Brain: Omega-3s, primarily as DHA, are naturally found in our brain, as part of brain cell membranes. These omega-3s play an important role in normal brain structure.** A dosage of 2620 milligrams per day of EPA and DHA can help support brain health.**
Eyes: For those spending a lot of time in front of a computer, a dosage of 1200 milligrams per day of EPA and DHA may help with occasional dry eyes.**
Seafood is not only a great source of protein, but also rich in long-chain omega-3 EPA and DHA fatty acids. Unfortunately, the quality matters. Some types of seafood may contain high levels of heavy metals such as mercury that could be harmful to health. The way seafood is prepared can also have an impact on the delicate nature of the polyunsaturated EPA and DHA oils.
The best dietary sources of EPA and DHA omega-3s include salmon, anchovies, herring, shad, sardines, Pacific oysters, trout, and Atlantic and Pacific mackerel. Especially if pregnant or breastfeeding, it’s important to limit or avoid intake of swordfish, King mackerel, tilefish, Bigeye tuna, marlin and orange roughly because of high levels of mercury.
Cooking, especially frying, can harm the inherent properties of polyunsaturated oils. For this reason, fried fish is not recommended as a dietary source of EPA and DHA omega-3s. Additionally, the kinds of fish that are typically used in frying, such as haddock, tilapia, or cod, and other white fish tend to have low amounts of polyunsaturated oils.
Regardless of intake, scientific data from national surveys and blood analysis has shown that a majority of U.S. adults don’t meet dietary recommendations for omega-3 intake and have lower than recommended plasma levels of EPA and DHA omega-3s.1,2 For these reasons, dietary supplementation is a useful strategy for receiving EPA and DHA omega-3s from fish in optimum amounts daily to fulfill nutritional gaps or to receive desired benefits.**
While it’s true that plant foods such as walnuts and flaxseed are rich in alpha-linolenic acid, an essential omega 3 fatty acid, conversion to long-chain EPA and DHA are low in humans. Quite specifically, EPA and DHA are the two omega-3s that have been heavily studied and reported to contribute to overall health benefits including cardiovascular health.*
Whether from fish, krill, algae, as ethyl esters or triglycerides, it’s the total amount of EPA and DHA in the end that matters most for increasing plasma levels in the body.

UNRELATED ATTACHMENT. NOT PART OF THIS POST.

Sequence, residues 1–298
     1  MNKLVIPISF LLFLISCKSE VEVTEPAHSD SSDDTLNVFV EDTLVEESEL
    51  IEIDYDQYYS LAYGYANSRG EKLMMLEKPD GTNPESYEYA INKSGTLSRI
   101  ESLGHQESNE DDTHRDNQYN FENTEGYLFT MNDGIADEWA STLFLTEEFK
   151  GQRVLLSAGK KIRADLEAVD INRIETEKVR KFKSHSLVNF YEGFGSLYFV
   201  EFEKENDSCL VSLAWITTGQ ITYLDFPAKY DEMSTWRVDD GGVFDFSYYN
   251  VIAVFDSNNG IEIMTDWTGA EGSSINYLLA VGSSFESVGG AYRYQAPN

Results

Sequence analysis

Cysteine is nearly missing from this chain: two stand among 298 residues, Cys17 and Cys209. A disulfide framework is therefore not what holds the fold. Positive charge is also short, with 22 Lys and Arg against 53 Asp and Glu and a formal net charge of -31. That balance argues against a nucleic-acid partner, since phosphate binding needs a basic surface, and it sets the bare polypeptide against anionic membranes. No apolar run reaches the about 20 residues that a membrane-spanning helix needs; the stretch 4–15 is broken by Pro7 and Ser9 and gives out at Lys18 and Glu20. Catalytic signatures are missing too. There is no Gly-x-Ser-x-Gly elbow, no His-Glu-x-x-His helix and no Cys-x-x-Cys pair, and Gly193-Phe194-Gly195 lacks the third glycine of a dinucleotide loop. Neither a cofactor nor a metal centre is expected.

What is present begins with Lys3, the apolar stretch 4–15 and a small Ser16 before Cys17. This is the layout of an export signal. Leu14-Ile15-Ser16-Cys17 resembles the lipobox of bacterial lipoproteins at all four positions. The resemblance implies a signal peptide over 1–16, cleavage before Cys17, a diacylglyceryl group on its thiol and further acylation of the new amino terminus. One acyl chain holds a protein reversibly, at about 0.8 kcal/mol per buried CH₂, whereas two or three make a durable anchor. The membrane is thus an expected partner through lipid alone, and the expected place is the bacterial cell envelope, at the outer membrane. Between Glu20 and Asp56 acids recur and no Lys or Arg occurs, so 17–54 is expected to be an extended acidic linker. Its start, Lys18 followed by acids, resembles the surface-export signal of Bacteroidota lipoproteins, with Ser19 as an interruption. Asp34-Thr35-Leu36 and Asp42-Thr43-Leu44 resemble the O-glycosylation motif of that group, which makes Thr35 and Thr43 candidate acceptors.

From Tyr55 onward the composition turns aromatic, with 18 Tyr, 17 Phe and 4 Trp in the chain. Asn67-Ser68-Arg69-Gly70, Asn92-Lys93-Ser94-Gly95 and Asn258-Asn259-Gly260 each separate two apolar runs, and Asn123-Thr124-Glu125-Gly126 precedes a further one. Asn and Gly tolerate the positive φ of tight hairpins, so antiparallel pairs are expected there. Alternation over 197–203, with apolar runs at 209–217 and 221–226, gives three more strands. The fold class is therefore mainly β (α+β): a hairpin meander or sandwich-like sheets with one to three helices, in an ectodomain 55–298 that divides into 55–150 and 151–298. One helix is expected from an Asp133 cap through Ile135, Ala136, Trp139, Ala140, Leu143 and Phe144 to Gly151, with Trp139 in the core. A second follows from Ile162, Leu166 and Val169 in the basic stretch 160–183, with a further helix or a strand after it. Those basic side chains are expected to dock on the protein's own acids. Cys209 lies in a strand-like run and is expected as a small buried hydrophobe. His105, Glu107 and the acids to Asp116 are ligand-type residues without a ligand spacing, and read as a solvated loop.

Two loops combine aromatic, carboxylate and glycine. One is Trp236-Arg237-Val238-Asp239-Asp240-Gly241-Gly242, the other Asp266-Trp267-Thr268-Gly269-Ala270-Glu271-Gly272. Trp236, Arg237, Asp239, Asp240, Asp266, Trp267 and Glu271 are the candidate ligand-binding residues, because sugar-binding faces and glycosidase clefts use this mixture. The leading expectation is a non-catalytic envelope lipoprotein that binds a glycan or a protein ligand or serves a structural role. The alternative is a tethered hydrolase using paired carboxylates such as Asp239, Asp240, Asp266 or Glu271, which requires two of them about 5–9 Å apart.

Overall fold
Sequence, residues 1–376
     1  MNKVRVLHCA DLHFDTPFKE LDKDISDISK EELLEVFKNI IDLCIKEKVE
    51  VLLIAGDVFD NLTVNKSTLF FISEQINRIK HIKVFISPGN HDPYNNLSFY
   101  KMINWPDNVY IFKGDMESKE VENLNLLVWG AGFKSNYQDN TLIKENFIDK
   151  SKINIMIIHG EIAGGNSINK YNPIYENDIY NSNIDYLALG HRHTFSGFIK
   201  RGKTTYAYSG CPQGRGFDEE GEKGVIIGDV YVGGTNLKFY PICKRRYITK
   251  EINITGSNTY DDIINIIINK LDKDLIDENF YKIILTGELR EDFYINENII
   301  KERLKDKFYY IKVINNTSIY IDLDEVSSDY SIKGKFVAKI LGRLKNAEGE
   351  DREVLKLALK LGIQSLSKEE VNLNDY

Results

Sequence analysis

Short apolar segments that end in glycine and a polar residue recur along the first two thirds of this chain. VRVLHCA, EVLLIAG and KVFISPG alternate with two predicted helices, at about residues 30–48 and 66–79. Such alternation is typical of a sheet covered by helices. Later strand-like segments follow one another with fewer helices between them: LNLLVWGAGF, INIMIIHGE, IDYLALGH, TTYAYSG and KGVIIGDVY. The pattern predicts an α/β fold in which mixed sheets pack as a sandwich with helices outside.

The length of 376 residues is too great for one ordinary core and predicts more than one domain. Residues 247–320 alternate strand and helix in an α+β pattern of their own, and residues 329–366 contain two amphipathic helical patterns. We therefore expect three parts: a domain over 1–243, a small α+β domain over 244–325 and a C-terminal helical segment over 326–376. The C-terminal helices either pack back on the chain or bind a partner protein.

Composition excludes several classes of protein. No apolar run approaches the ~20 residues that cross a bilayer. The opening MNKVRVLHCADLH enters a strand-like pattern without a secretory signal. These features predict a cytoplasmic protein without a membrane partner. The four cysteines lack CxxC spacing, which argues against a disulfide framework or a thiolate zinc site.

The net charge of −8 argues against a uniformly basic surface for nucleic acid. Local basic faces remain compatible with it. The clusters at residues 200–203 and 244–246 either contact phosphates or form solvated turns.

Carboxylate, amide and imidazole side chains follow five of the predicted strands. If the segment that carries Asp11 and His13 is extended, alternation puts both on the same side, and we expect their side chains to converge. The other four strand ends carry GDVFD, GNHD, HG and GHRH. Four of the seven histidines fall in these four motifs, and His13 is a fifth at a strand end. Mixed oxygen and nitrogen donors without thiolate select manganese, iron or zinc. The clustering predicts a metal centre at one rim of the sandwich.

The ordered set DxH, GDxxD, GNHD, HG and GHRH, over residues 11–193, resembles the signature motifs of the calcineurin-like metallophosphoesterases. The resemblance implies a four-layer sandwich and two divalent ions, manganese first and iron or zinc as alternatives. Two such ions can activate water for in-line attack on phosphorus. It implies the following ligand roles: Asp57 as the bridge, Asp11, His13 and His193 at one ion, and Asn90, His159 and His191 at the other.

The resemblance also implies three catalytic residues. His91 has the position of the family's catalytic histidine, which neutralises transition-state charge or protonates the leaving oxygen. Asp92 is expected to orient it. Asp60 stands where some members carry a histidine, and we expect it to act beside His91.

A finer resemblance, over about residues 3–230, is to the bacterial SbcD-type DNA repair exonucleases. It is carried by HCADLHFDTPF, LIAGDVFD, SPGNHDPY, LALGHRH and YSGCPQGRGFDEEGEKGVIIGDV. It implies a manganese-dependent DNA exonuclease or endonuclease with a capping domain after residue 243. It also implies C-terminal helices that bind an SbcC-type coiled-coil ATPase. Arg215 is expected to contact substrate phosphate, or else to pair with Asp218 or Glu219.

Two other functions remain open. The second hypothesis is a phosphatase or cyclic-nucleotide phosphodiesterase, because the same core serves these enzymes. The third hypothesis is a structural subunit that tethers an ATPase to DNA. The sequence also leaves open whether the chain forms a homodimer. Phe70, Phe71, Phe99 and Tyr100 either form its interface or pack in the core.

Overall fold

There is no difference in absorption of DHA and EPA omega-3s whether they are present as a liquid in a bottle or in softgels. However, softgels help to minimize any degradation of fish oil while liquid oils may be subject to degradation if exposed to light, heat, or oxygen.
A balanced intake of polyunsaturated oils including omega-3s as alpha-linolenic acid and omega-6s as linoleic acid is essential for health. While omega-9 oils still may be considered a nutritious component of the diet, they are not considered essential.
For the most part, these are all found in plentiful amounts in our diets so supplementation isn’t generally necessary. The exception is DHA and EPA omega-3s, which are polyunsaturated oils found mainly in fatty fish and fish oil supplements that are associated with a wide variety of health benefits.**
In dietary supplements such as softgels, mixed tocopherols, including d-alpha tocopherol (vitamin E), help maintain the freshness of fish oil products.
Supportive but not conclusive research shows that the consumption of EPA and DHA omega-3 fatty acids may reduce the risk of coronary heart disease.
|Serving Size 2 Softgels|
|Servings Per Container 30|
|Amount Per Serving||% Daily Value|
|Total Fat||2.5 g 3%***|
|Saturated Fat||0.5 g 3%***|
|Polyunsaturated Fat||0.5 g ****|
|Monounsaturated Fat||1 g ****|
|Cholesterol||25 mg 8%|
|Vitamin D (as D3 Cholecalciferol) 5 mcg (200 IU) 25%|
|Ester-Omega® Wild Alaskan Salmon Oil 2,400 mg (2.4 g) ****|
|provides the following fatty acid profile:|
|Omega-3 Fatty Acids†||500 mg ****|
|Eicosapentaenoic Acid (EPA) 202 mg ****|
|Docosahexaenoic Acid (DHA) 180 mg ****|
|Other Omega-3 Fatty Acids||77 mg ****|
|Omega-5 Fatty Acids||1.9 mg ****|
|Omega-6 Fatty Acids||48 mg ****|
|Omega-7 Fatty Acids||192 mg ****|
|Omega-9 Fatty Acids||384 mg ****|
|Astaxanthin 20 mcg ****|
|***Percent Daily Values are based on a 2,000 calorie diet.|
|****Daily Value not established.|
No Artificial Color, Flavor or Sweetener, No Preservatives, No Sugar, No Starch, No Milk, No Lactose, No Gluten, No Wheat, No Yeast, No Shellfish. Sodium Free.